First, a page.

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  Tobacco companies investing in e-cigarettes

Sector Snap: Tobacco stocks hit by menthol opinion

Shares of tobacco companies fell Tuesday after a Food and Drug Administration review concluded that menthol cigarettes likely pose a greater public health risk than regular cigarettes. Full story

On the Call: Altria Group CEO Barrington

Marlboro maker Altria Group Inc. said Tuesday it's on track to launch its first electronic cigarette under the MarkTen brand in Indiana starting next month. Full story

Earnings Preview: Reynolds American 2Q

Reynolds American Inc., the second-biggest U.S. cigarette company, should give investors some insight into its premium Camel brand and its lower-priced Pall Mall brand when it releases its second-quarter results before the stock markets open Wednesday. Full story

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On the Call: Philip Morris Int'l CFO Olczak

Study: Movie characters smoking less, drinking more

Fewer tobacco products, but not alcohol, in movies

Do cigarette companies use tax hikes in strategy?

Japan to raise $10 billion through Japan Tobacco share sale

Food, drink industries undermine health policy, study finds

Alberta wealth manager urges leadership, eschews trendy products

Video

  Are E-Cigarettes Smokin' Hot?

Big tobacco companies are taking notice of the potential $1 billion e-cigarette business, but critics say there's not enough information about the potential health risks associated with the product, reports CNBC's Jackie DeAngelis.

  How NRA uses boycott threats to keep gunmakers in line

Bloomberg Businessweek's Paul Barrett writes in the magazine's latest issue about why gun makers fear the NRA, and he joins Morning Joe to discuss his research.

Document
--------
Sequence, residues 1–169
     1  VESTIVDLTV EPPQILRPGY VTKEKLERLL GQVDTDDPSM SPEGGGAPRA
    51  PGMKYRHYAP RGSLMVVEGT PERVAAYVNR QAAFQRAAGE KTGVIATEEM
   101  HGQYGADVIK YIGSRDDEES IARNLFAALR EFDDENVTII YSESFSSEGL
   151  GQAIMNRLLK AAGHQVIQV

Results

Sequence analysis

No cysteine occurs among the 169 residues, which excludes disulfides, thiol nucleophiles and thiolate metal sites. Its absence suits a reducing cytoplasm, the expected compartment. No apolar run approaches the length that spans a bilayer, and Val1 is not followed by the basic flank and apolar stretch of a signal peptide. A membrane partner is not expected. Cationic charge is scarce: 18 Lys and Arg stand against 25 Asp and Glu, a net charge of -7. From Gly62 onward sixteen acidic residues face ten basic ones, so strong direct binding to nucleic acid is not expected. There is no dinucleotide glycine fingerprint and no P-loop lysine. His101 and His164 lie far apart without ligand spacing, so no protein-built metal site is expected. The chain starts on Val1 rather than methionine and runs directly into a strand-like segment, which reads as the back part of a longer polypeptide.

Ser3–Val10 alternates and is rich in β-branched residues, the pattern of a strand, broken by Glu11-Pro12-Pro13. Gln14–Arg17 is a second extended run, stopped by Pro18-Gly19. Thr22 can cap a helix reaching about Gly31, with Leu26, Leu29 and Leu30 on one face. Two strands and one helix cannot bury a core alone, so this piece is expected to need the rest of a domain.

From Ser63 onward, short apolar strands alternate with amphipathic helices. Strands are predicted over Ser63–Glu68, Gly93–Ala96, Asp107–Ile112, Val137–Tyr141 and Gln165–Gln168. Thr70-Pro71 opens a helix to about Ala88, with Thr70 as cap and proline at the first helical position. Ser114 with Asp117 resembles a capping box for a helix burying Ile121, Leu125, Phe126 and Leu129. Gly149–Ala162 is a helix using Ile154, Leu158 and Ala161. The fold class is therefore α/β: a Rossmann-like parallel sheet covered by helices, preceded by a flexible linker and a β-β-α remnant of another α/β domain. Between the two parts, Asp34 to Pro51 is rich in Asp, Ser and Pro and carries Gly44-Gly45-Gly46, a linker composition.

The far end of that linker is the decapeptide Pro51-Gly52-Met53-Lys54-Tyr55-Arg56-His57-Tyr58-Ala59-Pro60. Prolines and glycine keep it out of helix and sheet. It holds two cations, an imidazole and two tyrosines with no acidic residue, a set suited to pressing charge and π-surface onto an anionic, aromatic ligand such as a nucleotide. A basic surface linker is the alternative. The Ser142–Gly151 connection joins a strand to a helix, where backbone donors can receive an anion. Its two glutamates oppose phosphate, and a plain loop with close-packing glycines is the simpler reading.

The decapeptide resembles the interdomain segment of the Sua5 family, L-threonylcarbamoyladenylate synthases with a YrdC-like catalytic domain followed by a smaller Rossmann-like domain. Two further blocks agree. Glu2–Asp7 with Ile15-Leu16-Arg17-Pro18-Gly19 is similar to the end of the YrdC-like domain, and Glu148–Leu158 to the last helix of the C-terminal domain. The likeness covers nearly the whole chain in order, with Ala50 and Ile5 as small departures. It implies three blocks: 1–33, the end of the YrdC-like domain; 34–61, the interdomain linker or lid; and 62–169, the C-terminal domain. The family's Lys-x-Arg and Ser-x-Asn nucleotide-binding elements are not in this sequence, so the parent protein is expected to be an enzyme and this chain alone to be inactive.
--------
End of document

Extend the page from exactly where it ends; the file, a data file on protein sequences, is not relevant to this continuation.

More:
Bob Ney attacks John Boehner

Former Ohio congressman Bob Ney is a convicted felon who is blowing the whistle on John Boehner's past. Ed Schultz spoke to Ney on his radio show today and he spilled the beans on Boehner's relationships with special interest groups and more.

  NRA keeps spotlight and accountability off the gun industry

Rachel Maddow draws parallels between Big Tobacco's use of a marketing-managed fake citizen action group to shield itself from public rancor and the gun industry's use of the NRA to not only advocate for its business interests but to draw away the spotlight from the real players on the issue of gun

  Big Tobacco models disinformation, distraction strategy

Rachel Maddow describes how the tobacco industry used a citizen smoker front group to be the face of its lobbying in order to shield itself from the political fallout of its own deadly product.

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Related Photos

Jeffrey S. Wigand
Jeffrey S. Wigand

Jeffrey S. Wigand, who has made controversial disclosures about the tobacco industry, speaks with reporters outside of Federal Court, Monday, Jan. 31, 2005, in Washington. The Justice Department is suing the tobacco industry for $280 billion for conspiring to deceive the public about health risks as